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The Absolute Starting Point for Weight Loss

This blog is really about making sustainable long term changes for weight loss but also for those of you who have stalled on your weight loss these two simple steps should help you to get you shifting the weight again .

The majority of research in to weight loss still focuses on the calories in / calories out balance – you burn more than you eat then you should lose weight and for many people this will work and is the focus of this blog.

Other reasons why you may be struggling to lose weight.

Just a quick note here.

There can be exceptions to the calories in calories out rule, in fact if weight loss and or weight management was that easy then we would all be doing it ?! Other factors such as imbalances in your digestive tract and hormonal signalling play SIGNIFICANT roles in your weight loss.

Of course, there is then the social and psychological reasons / habits behind weight loss too.  But today let’s get the nuts and bolts right and make sure your calorie intake is in the ball park for weight loss

We aren’t talking about athletes here, we are taking about you and I.  Every day people that juggle work, family, relationships and finding time for exercise.

How many calories should I reduce to lose weight?

Generally, the rule of thumb for weight loss is you need to be in a DAILY calorie deficit of around 500 calories to start losing weight.  This should keep you on track for a pound or two of weight loss per week.  This 500 calorie deficit can be achieved via your diet, exercise or ideally both.  Just aim for the 500 mark.

The government daily calorie guidelines for a woman is 2000 calories to maintain a healthy body. However, the controversy continually rumbles on over whether this is too high.

The argument does hold ground from most women I speak to who say 2000 calories is too much for them, especially if they are not regularly exercising.

The 2000 maintenance calorie issue can be further exacerbated as probably most of us under estimated how many calories we are eating and can therefore be classically where weight gain or struggles to lose weight comes from eeek!  This is why it is really useful to spend a few days working out how many calories you are actually consuming.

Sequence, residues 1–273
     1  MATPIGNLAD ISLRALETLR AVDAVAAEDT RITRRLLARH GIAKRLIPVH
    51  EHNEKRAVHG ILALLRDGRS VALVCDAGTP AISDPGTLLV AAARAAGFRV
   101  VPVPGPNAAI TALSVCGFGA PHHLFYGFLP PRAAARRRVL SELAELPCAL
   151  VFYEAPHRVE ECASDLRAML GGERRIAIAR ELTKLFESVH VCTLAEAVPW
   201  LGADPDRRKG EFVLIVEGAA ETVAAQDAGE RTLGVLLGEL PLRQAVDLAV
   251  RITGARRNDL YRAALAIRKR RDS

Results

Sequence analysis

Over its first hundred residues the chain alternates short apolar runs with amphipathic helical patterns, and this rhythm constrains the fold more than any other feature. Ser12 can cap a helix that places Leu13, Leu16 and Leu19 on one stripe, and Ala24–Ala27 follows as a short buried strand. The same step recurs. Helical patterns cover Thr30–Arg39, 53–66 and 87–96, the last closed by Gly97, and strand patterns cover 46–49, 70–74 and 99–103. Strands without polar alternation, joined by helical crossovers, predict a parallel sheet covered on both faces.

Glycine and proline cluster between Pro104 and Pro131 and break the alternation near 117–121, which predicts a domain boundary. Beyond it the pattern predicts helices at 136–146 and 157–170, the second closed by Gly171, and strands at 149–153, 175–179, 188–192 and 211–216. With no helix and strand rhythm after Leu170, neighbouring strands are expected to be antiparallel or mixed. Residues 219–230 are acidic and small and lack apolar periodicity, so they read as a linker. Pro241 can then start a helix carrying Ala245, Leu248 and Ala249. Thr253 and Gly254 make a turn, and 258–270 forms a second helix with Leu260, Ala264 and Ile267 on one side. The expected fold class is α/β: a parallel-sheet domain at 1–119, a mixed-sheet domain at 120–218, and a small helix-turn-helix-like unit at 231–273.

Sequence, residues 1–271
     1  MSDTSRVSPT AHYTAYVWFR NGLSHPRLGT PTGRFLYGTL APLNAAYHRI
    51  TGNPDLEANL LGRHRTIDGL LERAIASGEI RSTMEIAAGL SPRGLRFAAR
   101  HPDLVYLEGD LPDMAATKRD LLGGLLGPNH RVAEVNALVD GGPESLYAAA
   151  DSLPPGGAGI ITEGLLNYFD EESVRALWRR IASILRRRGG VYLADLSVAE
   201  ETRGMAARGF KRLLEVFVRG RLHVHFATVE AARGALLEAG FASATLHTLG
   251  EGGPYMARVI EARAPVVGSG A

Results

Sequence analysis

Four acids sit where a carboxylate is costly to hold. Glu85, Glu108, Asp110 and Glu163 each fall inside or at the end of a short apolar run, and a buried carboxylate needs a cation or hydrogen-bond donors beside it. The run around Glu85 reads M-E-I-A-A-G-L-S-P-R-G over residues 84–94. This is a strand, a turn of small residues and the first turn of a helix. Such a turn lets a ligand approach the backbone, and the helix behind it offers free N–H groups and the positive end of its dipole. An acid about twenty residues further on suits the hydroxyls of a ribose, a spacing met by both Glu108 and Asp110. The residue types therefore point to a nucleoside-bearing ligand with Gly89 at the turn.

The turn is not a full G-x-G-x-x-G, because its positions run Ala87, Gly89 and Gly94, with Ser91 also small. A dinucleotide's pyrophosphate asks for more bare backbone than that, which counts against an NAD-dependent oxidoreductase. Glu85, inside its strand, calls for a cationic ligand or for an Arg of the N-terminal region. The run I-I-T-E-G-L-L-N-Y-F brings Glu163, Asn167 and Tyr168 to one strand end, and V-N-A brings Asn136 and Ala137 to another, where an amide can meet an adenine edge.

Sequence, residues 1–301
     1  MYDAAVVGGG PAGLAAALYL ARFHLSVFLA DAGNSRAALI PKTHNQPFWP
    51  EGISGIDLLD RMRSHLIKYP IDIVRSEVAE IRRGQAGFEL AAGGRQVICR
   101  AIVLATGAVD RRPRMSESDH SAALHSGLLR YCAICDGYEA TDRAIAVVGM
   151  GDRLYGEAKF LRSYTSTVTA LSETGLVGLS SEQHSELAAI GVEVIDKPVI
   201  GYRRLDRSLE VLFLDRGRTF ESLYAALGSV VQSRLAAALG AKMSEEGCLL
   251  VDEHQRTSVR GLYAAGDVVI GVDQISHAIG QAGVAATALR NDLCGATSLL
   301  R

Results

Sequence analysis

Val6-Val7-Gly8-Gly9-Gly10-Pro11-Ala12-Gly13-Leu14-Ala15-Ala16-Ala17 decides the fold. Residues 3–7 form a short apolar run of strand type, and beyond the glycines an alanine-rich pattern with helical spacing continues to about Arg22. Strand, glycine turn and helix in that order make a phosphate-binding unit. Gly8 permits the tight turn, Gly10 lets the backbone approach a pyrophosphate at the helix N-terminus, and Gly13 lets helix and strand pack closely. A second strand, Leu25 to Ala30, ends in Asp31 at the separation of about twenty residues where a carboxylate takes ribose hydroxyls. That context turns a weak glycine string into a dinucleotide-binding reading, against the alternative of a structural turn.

Which leads us back to the 500 calorie deficit.

But I don’t want to be counting calories for ever!

Good because I don’t want you to either! In fact, I haven’t counted calories for around the last 20 years…it’s tedious if you ask me!

However, we all need a base line.  Intuitive eating can come later so use a calorie counting app. My Fitness Pal is an example of one, and enter your food intake over an average week.

There is some debate as to how accurate these various calorie counters are so just use one app, DO NOT starting flicking between apps and comparing foods as it will drive you crazy!

Regardless of whether they are 100% accurate you now have a base line figure.

Your first goal is to get to the 2000 mark.  If you are way over that then work on dropping 500 calories every 7-10 days until you reach the 2000 mark, remember this is sustainable goal not a quick fix!

Can I drop off my calories quicker, say a drop of 1000?

Yes and no ?

Yes, but if you drop your calories by 1000 do it for NO MORE 7 – 10 days.  No more, deal? Once the 7/10 days is over return to a maintenance intake for 3-4 weeks based on your SENSIBLE 500 calorie deficit – this gives your body time to adapt again.

I wish to make this very clear: Any diet under 15000 calories per day is not sustainable and may actually be dangerous in the long term.  Plus, you will feel pretty crappy and give up after a week or two so please don’t do it!

To summarise the calorie part:

  • Find out your average calorie intake – you need to ascertain a reference point
  • To lose weight you need to be in a calorie deficit, daily, of about 500 calories.
  • Maintenance is about 2000, so aim for 1500 for around the next 12 weeks
  • Do not drop of too many calories too quickly for long periods. Remember your metabolism will slow and your weight loss will stop.
  • If you are exercising regularly and calorie intake is between 1500 – 2000 then you should start to lose weight.


We all are lucky enough to live in a world of plentiful food.  The downside of this is that it is very easy to gain weight.  It doesn’t take much at all, so having an understanding of calories and how many you need and how many you are consuming is a great starting point.

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